Saturday, January 16, 2010

All You Need is Love (- and a little creativity to raise some $$$)

In my previous post, I wrote about my visit to NK with the Eugene Bell Foundation. In this post I will be focusing on Dongdaewon, which is the TB care centre in NK that our SFS community have supported for the past 6 years. I thought it would be interesting if we take a tour around the care centre and see the very real difference that our fundraising has made in the lives of the staff and patients at this centre. Come along and check it out! It is pretty inspiring what our faculty, students and school community have achieved.

Welcome to Dongdaewon. When I visited, there were about 163 patients being treated at the centre. As you can see it is out in the countryside.

This is the director, Mr Cha. He is a new director because the previous director died.

I first met the Dongdaewon patients at Sadong. Many patients had come by truck to do testing for MDR TB. It was very cold and the patients had to stand and wait for a long time for their testing, as there were patients from many care centres there for testing. Someone pointed out the patients waiting to me and told me that this particular group had come from Dongdaewon. I was very excited to see them, as I have been involved in fundraising for them for a long time and finally, I could meet the patients in real life. Someone told the patients that I was a teacher from SFS. A buzz moved through the line and their faces lit up with warmth and smiles. There were many thank yous and a lot of bowing. The patients are so incredibly appreciative of our help. It was a very humbling thing to be on the receiving end of that.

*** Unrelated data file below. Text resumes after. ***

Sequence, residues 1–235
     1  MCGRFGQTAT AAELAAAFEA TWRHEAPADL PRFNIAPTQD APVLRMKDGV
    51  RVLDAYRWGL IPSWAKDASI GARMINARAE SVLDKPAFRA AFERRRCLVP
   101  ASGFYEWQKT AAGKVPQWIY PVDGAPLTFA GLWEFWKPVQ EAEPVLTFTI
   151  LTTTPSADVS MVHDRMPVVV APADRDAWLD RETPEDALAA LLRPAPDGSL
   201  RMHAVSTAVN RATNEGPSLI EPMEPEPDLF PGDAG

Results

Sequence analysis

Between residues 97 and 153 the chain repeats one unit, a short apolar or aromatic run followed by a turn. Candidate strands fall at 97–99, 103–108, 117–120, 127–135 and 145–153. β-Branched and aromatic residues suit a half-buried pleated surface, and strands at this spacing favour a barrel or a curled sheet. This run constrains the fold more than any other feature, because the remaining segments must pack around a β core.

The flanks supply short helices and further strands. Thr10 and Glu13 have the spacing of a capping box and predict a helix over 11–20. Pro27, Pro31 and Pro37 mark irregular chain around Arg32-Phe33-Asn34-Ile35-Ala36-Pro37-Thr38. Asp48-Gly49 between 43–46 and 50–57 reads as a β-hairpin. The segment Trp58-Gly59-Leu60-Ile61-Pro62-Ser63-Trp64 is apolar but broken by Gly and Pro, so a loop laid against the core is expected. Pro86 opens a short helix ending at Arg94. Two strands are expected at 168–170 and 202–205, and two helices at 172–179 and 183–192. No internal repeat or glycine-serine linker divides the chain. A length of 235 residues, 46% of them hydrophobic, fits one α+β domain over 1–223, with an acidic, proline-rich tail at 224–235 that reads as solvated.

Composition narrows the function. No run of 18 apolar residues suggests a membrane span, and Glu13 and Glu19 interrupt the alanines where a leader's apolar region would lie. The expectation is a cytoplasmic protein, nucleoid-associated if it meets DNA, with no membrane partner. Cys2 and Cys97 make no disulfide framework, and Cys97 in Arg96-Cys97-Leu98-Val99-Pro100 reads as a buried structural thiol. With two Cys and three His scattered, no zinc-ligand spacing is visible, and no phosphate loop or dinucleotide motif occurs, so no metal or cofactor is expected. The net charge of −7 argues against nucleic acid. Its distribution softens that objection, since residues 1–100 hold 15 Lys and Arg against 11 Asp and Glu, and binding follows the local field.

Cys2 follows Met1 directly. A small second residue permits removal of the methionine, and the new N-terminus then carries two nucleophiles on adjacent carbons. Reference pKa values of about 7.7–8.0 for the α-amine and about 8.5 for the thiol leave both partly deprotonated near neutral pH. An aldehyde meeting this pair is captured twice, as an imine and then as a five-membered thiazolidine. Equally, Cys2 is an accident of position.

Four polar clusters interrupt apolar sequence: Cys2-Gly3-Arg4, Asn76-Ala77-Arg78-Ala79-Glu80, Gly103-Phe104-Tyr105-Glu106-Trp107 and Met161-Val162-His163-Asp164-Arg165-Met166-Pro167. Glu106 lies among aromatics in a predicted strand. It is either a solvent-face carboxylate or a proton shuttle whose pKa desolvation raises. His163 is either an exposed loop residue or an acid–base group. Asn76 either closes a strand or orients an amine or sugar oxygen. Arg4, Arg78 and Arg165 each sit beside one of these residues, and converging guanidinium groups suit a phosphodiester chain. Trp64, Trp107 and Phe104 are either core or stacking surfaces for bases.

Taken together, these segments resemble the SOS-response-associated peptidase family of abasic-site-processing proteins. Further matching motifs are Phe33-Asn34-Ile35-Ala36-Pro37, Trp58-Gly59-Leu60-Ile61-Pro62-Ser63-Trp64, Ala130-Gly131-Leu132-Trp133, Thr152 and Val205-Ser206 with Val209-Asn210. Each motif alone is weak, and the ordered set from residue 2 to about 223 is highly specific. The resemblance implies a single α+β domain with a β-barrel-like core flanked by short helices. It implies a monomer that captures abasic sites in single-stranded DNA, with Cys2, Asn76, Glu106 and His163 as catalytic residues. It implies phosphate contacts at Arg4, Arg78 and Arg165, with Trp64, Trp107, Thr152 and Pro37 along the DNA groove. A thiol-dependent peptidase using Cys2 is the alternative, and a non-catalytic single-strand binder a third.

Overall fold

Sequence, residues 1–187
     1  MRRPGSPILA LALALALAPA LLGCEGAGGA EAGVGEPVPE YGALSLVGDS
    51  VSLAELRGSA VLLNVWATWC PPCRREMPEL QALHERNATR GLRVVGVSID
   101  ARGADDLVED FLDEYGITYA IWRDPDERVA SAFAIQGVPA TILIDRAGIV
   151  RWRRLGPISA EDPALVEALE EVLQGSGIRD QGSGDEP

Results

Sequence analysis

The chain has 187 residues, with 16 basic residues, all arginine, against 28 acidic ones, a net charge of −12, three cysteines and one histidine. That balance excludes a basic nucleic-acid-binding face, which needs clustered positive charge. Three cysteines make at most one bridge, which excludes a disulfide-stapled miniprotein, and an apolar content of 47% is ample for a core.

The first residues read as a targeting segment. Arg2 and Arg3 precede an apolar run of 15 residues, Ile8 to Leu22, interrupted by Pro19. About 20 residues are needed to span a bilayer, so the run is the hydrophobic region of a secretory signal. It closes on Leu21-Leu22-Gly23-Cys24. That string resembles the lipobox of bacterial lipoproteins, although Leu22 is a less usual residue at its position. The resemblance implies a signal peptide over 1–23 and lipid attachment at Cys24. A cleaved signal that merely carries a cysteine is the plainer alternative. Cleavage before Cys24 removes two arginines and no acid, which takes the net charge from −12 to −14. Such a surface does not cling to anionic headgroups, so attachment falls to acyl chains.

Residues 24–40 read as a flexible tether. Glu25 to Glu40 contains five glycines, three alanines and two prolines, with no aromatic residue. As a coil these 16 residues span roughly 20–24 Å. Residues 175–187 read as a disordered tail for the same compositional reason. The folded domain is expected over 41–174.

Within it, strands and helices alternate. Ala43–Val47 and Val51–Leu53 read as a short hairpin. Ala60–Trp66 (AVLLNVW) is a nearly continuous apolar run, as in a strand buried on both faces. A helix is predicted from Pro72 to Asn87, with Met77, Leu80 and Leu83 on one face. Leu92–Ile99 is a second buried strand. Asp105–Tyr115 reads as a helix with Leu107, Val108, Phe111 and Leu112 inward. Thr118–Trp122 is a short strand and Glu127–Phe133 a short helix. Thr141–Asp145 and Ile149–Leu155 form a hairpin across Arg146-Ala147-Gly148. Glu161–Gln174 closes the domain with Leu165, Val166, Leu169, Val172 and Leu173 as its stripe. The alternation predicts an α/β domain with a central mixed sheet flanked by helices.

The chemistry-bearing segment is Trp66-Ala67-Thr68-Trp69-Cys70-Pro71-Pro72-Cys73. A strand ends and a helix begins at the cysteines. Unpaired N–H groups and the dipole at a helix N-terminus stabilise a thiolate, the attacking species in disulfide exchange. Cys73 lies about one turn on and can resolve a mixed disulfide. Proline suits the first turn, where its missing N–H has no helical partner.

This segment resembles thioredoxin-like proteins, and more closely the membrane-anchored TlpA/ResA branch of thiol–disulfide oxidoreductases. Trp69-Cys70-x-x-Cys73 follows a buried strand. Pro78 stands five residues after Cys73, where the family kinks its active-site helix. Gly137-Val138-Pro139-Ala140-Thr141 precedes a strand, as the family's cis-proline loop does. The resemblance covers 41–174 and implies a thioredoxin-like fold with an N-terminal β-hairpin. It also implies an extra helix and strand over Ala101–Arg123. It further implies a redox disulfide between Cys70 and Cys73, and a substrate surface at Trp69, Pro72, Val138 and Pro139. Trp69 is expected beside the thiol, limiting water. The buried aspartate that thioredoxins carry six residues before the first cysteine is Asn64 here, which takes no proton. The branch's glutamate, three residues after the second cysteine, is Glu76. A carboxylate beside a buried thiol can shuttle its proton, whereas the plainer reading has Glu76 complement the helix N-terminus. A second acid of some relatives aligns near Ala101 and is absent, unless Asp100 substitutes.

As I mentioned in my previous post, there is an escalating problem with MDR TB in North Korea. At present, 56 of the 163 patients at Dongdaewon are receiving MDR meds. This time around, we sputum tested another 30 or so patients. Any patients that were sputum tested have been through several rounds of DOTs medications and are not responding. So potentially, we could have half of our patients having MDR meds. This is a big problem. Financially the drugs cost a lot more (about $100.00 USD a patient per month, whereas DOTs costs about $50.00 USD for an entire treatment cycle). In addition, they take a lot longer to act, and the response rate isn't as good. Testing is very detailed. In the picture above, you can see that patients are weighed and measured.

They then talk with the medical staff and provide a sputum sample. To do this, they cough up mucus from deep within their lungs. This is collected in bottles and sent to South Korea to be cultured. The culture takes about 5 months to grow, and from that, doctors get a detailed picture of which drugs the each MDR patient is resistant to, and which drugs can be used in their treatment.